CINCINNATI -- When they learned Oak Hills High School did not offer bus service, Barbara Fortman and Kim McMahan began looking for another way to get their freshmen to school. They settled on contracting Queen City Transportation, a company that claimed to have been providing "safe and reliable school bus transportation for over 50 years," to shuttle their children back and forth.
The company took their money. By Tuesday evening -- hours after the first day of school at Oak Hills High had ended -- that was all it had done. Repeated attempts to make contact with the company bore no fruit.
"I'm frustrated; I'm angry," Fortman said. "I'm just in awe that this company could do this to these kids."
McMahan and Fortman had to scramble for last-minute transportation options, arriving late to work and making frantic calls to relatives to ensure their children would make it to school. Their attempts to communicate with Queen City Transportation and find the source of their confusion led only to phone tag and promises that follow-up calls were on their way.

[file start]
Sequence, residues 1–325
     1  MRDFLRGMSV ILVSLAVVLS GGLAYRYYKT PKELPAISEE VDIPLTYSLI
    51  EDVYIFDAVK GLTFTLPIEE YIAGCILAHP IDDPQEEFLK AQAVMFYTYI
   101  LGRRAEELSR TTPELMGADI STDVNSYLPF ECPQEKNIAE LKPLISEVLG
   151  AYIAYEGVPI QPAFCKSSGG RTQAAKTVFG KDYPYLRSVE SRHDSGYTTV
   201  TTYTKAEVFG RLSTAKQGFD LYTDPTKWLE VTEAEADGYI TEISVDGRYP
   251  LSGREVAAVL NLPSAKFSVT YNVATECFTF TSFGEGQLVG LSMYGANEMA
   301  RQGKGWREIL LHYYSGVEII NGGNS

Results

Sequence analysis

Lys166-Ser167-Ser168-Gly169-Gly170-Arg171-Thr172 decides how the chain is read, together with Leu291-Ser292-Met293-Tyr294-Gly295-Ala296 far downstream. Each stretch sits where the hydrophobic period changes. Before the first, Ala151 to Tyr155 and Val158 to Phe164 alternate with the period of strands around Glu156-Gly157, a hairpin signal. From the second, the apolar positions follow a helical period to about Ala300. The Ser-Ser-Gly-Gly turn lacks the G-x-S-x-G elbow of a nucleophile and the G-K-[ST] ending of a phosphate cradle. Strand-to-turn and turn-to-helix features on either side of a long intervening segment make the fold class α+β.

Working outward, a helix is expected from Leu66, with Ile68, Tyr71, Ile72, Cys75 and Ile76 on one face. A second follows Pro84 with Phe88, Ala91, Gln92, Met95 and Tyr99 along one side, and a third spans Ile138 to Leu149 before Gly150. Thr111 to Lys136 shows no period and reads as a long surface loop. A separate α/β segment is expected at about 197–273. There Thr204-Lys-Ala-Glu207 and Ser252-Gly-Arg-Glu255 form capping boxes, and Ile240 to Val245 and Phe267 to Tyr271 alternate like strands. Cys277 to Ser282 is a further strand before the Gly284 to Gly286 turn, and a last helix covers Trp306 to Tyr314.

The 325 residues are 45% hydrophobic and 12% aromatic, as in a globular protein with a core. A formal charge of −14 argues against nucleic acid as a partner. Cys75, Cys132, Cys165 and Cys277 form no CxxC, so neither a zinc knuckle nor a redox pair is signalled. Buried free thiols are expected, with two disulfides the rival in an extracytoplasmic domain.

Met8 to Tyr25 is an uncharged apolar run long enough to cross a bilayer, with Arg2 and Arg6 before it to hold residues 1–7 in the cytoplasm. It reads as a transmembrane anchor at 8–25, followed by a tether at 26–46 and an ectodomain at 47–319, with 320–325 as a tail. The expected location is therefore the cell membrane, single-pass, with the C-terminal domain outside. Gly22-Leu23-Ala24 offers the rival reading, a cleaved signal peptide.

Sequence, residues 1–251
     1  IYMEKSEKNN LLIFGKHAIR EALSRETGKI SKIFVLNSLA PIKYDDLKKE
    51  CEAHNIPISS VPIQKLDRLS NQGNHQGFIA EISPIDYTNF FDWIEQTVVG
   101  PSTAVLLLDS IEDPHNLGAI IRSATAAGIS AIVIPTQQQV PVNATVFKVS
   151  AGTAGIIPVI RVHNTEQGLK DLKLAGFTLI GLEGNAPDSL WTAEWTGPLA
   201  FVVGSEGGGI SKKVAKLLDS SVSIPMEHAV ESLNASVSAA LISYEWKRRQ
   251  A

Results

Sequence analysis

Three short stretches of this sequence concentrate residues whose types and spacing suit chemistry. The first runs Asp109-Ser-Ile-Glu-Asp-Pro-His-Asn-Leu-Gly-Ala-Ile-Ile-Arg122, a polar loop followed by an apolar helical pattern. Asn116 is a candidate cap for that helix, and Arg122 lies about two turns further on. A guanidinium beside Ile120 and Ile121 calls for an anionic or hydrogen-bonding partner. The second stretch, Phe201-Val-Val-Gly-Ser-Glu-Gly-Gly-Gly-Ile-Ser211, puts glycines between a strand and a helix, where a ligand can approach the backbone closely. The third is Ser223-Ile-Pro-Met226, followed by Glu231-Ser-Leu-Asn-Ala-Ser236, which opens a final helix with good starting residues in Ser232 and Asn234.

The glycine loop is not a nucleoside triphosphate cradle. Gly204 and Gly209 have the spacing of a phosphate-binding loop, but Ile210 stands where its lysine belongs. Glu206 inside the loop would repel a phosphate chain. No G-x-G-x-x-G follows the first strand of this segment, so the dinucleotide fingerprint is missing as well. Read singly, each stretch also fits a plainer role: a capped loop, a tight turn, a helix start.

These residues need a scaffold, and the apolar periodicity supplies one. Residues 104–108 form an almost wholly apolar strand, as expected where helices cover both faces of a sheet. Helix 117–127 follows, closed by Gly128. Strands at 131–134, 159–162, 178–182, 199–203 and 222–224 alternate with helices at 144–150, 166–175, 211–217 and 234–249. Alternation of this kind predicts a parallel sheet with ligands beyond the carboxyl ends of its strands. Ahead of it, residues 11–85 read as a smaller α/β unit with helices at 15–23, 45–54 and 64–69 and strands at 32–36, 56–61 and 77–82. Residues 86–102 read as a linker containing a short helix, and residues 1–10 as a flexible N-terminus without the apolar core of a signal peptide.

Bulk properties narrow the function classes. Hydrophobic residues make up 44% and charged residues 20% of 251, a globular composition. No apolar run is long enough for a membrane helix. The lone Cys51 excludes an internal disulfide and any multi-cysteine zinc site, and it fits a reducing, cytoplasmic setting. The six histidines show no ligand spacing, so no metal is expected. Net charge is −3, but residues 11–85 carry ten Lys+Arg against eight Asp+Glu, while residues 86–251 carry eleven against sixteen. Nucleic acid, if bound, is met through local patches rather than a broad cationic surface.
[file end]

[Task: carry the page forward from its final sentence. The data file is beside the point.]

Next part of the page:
"We are talking five voicemails, an email and a hand-delivered note," McMahan said. "I drove to the location on their website and a location I was given by another mom. They're not there. It's just an empty building and a gravel lot."
The confusion turned a day that should have been exciting into one filled with stress, she said. Her exasperation with the company is only part of it.
"There are families that don't have backup," she said. "They are solely relying on the school bus."
Queen City Transportation manager Jim Ring said Wednesday the confusion was a result of overbooking and delayed processing of students' applications. He promised buses would be on schedule Thursday and families would receive refunds for their August service.
When asked about McMahan and Fortman's claims they had been attempting to contact the company for weeks with no success, he declined to comment.